Cinema Review: Manson Family Vacation | Under the Radar - Music Magazine
Saturday, March 6th, 2021  

Manson Family Vacation

Studio: Netflix
Directed by J. Davis

Nov 04, 2015 Web Exclusive
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Conrad (Linas Phillips) and Nick (Jay Duplass) couldn’t be more different as brothers. Whereas the older Conrad is nomadic, historically aimless, and somewhat of a perceived slacker, Nick is a straight arrow—he has a wife and son, a powerful, white-collar Los Angeles legal job, a house, the whole shebang. As easy as it would be for them to attribute their differences in adulthood to the fact that Conrad was adopted, he tells his younger sibling that, in truth, they evolved at opposite ends of the spectrum because of how they were treated during their childhood. Nick, the unexpected biological offspring thought impossible, was showered with a love and affection Conrad never received. Now, in the wake of their father’s passing, Conrad shows up on Nick’s doorstep with an idea. He wants to reconnect with his brother and he has the perfect—albeit very strange—idea of how to do so. The two of them will tour the sites of the infamous Manson Family’s killings.

Manson Family Vacation is an atypical and supremely heart-filled road trip in disguise (though it is very much a journey film—literally and figuratively—the men rarely leave L.A. during their trip, and remain somewhat anchored to Nick’s house throughout the tour). Duplass and Phillips are natural as mismatched siblings trying to rekindle their bond, Duplass as the levelheaded Nick trying to reconcile the absurdity of their mission with his clear-cut lifestyle, and Phillips as the live-and-let-live Conrad whose ulterior motives slowly bubble to the surface. Writer-director J. Davis makes an impressive feature narrative debut with Manson, deftly displaying his ability to craft believable, relatable characters within a compelling, unique story. Davis clearly considered the story quite closely when writing his script and making the film; he had to walk a tight line between not making light of the Manson history (and therefore alienating us with the concept), and yet not overburdening viewers with the moroseness of the material. And Davis navigates the waters perfectly. Conrad’s choice of trips is odd and often unnerving, and the unsettledness Nick feels and expresses with regularity, but which he commits to. Through Nick, we’re allowed to feel uncomfortable about the whole experience—the Manson murders remain a terrible chapter in history—and through Conrad, we can appreciate it. Manson Family Vacation is a delight and a surprise, well worth an addition to your Netflix queue.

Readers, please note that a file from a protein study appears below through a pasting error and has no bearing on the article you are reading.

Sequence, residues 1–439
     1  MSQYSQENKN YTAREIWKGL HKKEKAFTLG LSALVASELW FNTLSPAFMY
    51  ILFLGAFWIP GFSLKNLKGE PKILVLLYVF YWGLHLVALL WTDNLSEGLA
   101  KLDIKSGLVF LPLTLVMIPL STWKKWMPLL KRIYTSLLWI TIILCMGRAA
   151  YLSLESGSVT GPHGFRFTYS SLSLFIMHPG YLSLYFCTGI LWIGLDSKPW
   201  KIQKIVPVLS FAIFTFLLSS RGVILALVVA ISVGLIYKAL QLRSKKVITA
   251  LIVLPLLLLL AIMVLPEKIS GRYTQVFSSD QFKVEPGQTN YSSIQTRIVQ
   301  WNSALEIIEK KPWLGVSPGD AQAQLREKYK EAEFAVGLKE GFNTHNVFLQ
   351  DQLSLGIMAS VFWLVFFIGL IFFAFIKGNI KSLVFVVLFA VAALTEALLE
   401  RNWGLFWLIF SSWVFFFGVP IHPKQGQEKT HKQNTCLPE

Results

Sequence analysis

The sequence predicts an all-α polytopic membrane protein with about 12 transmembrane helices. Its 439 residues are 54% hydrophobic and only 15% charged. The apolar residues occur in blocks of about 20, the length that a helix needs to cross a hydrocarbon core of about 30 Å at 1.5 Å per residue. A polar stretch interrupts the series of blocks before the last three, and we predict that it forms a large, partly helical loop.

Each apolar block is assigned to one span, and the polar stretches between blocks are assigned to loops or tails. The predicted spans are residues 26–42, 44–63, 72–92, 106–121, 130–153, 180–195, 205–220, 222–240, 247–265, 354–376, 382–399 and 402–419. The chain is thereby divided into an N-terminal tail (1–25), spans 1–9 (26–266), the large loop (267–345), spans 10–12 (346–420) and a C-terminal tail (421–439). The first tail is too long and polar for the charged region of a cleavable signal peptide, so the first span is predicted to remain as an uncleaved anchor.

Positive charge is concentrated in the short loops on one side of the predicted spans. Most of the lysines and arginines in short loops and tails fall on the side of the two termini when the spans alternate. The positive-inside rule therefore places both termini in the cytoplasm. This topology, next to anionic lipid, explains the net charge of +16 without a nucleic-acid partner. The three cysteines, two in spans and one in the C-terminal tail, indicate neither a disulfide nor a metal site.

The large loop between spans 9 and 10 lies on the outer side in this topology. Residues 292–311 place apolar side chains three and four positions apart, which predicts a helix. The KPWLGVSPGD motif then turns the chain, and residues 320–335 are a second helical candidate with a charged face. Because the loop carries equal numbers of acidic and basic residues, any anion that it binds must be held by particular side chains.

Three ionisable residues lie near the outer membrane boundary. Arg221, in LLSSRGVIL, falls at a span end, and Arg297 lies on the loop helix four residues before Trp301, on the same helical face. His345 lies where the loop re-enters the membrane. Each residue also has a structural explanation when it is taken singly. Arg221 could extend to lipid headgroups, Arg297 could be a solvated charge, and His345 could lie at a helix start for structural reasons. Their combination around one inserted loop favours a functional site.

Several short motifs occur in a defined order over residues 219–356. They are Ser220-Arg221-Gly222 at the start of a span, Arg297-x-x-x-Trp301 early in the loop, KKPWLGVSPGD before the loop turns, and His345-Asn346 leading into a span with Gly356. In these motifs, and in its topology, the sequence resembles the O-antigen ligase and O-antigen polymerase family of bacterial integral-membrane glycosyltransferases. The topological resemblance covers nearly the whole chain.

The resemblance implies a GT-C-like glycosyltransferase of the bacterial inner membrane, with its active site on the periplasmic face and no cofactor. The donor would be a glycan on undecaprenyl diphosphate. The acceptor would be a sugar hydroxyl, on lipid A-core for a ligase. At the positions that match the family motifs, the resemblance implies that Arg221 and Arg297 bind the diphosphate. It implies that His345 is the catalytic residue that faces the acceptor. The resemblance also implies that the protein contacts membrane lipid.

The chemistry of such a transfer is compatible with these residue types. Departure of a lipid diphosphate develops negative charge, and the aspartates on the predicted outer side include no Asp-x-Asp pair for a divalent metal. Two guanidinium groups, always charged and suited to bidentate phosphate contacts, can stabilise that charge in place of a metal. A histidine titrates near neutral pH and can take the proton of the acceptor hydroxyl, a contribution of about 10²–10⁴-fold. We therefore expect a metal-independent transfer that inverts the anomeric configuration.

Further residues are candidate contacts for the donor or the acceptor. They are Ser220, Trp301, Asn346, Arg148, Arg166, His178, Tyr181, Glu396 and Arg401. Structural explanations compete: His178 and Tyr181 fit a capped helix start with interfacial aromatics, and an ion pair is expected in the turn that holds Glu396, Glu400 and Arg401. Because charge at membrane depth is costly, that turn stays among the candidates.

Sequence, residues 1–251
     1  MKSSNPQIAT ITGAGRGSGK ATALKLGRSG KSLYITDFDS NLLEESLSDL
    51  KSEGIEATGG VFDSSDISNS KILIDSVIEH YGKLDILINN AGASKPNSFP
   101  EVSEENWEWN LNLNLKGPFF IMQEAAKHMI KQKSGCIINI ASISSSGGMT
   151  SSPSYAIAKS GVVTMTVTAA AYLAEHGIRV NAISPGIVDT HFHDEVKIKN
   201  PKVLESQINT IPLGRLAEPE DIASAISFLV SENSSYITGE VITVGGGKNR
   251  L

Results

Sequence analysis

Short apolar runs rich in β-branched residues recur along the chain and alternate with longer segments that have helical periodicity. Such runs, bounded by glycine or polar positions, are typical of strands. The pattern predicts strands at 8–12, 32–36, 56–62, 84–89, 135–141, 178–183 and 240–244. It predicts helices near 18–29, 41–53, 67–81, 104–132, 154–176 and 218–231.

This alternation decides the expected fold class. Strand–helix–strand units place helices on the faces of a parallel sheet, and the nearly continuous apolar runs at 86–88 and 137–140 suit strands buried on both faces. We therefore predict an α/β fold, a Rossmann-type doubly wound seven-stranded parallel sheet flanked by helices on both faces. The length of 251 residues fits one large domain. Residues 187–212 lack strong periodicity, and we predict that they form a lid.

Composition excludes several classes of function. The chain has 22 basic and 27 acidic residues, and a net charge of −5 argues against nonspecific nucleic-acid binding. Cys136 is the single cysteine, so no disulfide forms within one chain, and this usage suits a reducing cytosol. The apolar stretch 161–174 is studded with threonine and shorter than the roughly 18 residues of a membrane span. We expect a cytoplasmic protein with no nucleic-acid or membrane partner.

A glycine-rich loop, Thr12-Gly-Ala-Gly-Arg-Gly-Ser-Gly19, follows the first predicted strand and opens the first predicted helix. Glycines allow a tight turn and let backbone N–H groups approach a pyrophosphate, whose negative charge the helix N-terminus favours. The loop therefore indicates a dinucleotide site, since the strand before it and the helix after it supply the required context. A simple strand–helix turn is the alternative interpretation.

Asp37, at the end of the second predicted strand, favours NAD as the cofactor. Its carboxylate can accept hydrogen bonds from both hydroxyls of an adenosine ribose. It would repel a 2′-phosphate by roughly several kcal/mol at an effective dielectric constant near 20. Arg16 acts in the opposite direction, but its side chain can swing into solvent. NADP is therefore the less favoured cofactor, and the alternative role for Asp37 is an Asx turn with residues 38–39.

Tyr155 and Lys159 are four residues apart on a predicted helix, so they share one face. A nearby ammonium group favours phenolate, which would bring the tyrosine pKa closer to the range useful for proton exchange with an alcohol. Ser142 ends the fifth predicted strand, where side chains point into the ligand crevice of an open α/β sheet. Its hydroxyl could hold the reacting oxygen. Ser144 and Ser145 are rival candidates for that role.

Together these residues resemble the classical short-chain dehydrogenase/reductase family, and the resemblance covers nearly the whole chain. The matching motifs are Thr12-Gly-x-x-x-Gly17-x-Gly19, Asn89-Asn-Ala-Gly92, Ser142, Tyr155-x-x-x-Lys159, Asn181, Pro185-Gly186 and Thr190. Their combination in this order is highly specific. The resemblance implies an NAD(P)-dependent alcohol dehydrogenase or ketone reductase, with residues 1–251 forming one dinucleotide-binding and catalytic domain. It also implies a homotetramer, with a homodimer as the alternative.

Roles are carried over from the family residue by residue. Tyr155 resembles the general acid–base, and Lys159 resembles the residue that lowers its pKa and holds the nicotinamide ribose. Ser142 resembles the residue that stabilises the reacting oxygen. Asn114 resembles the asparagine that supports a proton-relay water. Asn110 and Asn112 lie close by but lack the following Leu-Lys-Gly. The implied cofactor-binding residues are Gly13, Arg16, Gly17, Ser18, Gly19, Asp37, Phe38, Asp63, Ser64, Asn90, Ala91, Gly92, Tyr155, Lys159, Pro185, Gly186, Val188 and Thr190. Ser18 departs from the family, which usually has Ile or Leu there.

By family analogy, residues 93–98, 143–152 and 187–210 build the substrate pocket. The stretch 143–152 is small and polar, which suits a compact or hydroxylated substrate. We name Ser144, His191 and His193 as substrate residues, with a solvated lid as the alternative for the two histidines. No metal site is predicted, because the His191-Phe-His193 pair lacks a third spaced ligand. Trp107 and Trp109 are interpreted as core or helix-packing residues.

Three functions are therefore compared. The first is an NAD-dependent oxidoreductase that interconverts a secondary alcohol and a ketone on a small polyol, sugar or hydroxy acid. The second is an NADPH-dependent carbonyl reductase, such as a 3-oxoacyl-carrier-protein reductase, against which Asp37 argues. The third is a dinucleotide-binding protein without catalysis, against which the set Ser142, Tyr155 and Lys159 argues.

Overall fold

Author rating: 7/10

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June 25th 2018

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